As Business Director for the Whitefish School District, Danelle Reisch’s responsibilities run the gamut.
Her roles include developing and managing the budget, working with human resources, sorting out the district’s finances and serving as clerk to the Whitefish School Board, and a lot of the time her days don’t go as planned.
That’s the fun part, she says.
“It’s a really varied role and that’s one of the things that’s been great about it,” she said. “I told [my replacement Lucie Shea], some days you come in with a plan of what you’re going to do that day and at 2 p.m. that afternoon you finally start it, because so many other things come up. But I like that about it.”
Reisch wrapped up more than 24 years at her post in the school district last month, retiring from working at the district she attended decades ago as a high school student. Lucie Shea will take her over as business director beginning in January.
As a Whitefish High School graduate, Reisch never had accounting or administration work on her mind when she started her studies at Montana State University. Instead, she pursued studies in chemical engineering.
“I was a chemical engineering major, and I think I came to the realization that it was not for me,” she said. “At that time, in the 70s, it was all about oil and gas development and I was like, ‘I don’t think I want to go live in Houston.’”
Reisch returned to college at the University of Montana a decade later and found herself drifting more toward the business and numbers side of things. Out of school, she worked for the Montana Department of Commerce and the Missoula School District before returning to Whitefish.
While originally she never intended on crunching numbers for a living, Reisch said that’s grown to be her favorite part of the job.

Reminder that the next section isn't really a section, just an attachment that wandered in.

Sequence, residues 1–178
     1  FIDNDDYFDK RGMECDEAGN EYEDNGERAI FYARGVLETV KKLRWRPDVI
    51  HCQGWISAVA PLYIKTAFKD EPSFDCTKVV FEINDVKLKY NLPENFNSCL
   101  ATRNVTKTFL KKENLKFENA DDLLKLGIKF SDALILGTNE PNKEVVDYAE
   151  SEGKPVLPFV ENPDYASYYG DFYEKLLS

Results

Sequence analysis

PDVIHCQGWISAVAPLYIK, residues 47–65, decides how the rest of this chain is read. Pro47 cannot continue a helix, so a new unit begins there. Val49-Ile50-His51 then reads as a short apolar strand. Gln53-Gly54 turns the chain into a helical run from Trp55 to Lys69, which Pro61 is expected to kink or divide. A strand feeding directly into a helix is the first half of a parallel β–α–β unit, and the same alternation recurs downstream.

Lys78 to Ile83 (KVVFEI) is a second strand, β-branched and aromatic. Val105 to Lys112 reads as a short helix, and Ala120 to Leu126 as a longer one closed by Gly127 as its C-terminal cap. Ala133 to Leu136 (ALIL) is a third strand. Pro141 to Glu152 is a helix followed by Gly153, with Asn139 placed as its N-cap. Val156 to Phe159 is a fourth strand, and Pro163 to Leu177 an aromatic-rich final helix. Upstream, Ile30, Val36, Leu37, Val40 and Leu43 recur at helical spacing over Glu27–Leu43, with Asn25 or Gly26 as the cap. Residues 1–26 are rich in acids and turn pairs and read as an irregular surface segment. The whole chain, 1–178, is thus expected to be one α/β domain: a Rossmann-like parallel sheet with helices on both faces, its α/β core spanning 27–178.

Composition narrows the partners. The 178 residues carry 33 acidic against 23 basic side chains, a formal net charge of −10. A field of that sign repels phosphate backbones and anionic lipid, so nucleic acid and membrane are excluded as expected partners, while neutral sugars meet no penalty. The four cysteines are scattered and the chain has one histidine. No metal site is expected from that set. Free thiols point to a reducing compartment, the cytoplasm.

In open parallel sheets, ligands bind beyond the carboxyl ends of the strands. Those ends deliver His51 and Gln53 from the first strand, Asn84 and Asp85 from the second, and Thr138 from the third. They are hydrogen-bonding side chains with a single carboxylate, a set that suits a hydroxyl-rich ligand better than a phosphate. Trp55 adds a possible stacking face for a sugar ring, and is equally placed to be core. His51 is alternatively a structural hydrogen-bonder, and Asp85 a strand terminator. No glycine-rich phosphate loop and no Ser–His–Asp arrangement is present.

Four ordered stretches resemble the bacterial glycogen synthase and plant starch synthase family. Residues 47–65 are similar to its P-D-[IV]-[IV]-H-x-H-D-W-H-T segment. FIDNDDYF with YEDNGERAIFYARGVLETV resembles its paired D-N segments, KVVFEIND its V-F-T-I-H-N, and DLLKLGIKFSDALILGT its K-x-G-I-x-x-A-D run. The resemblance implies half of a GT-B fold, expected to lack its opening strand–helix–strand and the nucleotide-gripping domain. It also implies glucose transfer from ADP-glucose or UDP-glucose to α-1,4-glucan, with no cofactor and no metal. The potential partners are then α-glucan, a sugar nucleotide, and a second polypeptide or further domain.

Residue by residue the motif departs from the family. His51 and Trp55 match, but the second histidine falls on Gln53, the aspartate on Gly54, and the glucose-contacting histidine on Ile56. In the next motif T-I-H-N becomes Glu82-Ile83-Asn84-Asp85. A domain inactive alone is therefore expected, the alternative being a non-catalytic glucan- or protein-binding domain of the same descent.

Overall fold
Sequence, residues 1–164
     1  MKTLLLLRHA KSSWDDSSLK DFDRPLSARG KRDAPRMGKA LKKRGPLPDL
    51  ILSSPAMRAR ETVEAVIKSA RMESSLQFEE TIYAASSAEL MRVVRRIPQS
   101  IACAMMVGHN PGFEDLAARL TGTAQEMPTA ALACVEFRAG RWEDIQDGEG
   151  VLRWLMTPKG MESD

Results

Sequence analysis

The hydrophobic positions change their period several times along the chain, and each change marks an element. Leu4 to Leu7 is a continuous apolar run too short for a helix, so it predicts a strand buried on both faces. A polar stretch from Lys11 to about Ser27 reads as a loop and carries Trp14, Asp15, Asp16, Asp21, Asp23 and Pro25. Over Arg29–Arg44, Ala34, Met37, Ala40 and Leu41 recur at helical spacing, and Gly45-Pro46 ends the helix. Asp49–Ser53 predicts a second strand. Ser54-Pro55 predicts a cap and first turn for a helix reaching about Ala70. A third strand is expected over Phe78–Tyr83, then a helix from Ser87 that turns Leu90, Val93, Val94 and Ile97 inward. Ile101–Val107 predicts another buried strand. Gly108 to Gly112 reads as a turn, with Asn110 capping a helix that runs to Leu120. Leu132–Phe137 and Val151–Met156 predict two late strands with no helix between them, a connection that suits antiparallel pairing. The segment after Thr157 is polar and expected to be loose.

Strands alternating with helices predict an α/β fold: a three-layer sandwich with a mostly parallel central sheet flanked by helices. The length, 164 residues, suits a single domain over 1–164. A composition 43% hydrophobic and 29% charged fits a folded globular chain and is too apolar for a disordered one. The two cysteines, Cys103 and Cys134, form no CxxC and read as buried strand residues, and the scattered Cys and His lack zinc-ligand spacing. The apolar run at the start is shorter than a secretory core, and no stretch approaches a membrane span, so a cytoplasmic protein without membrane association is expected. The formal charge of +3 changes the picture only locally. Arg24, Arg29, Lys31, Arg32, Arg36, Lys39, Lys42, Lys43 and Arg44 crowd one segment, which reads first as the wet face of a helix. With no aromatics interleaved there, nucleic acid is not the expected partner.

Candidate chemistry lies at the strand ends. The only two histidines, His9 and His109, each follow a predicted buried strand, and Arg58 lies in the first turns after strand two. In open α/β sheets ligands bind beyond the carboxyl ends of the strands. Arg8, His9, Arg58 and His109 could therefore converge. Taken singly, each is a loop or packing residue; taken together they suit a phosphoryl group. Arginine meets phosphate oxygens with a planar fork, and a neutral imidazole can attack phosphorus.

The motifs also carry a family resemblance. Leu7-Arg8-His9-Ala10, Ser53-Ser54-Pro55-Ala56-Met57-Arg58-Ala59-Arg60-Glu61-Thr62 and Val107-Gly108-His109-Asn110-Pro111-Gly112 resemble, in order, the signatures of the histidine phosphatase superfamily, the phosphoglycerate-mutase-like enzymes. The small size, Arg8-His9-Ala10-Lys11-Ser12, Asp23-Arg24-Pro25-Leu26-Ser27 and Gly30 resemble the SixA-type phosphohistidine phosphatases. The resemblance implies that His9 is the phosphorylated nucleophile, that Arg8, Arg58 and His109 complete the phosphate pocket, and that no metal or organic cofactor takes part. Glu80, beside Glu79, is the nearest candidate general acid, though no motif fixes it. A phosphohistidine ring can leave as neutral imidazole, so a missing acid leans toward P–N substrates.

“The part I enjoy the most, and it’s probably just because I’m kind of a geek, is the accounting stuff,” she said. “I love working on the budget stuff and doing financial statement prep and that kind of stuff.”
Additionally, she enjoys the opportunities she and others in the district office have to support the teachers across Whitefish schools.
“I kind of view our office as being a support mechanism for the people out in the buildings. I do really appreciate it when we’re able to help somebody out and get them the tools they need to do their job. We’re definitely in a support role,” she said.
The district has changed a lot since she sat in a student desk, she notes, but in some respects it has stayed the same.
For one, the physical schools themselves are different. But curiously, the number of students inside the schools has remained somewhat constant despite Whitefish’s growth in recent decades.
“What’s really fascinating is that people always think our enrollment has changed a lot, and when you go back and look at history, there were 150 kids in my graduating class. There were about 130 in my son’s graduating class in 2016. It really goes [up and down] a lot, but the trend line is pretty stable, which is surprising because the community has grown a lot,” she said.
Reisch also lamented the Whitefish of old, saying while she still loves the town and the community it harbors, today’s resort destination is a far cry from what she remembers.
“It’s been hard,” she said. “It’s not all bad, but it’s very different. It’s a very different community from the one I grew up in. That was just a railroad town, pretty blue collar and pretty level economically — at least that’s my recollection. It didn’t seem like there were vast differences in peoples’ economic levels.”
Reisch will start her retirement in January, but she isn’t quite ready to give up number crunching yet.
She says she’ll return to auditing part time for a private firm, and she’s hoping to get her boots out and put more time into hiking than she’s been able to in recent years.
While she’s happy to start a new phase in her life — and happy to stop attending school board meetings — Reisch says she’s glad she found a rewarding career she can be proud of.
“I really enjoy working in schools. Sometimes there’s not a lot of things you do in a business background that make you feel good about yourself, but working in schools isn’t like that,” she said. “You really feel like you’re contributing to something and working toward a goal of educating our kids, which is so important.”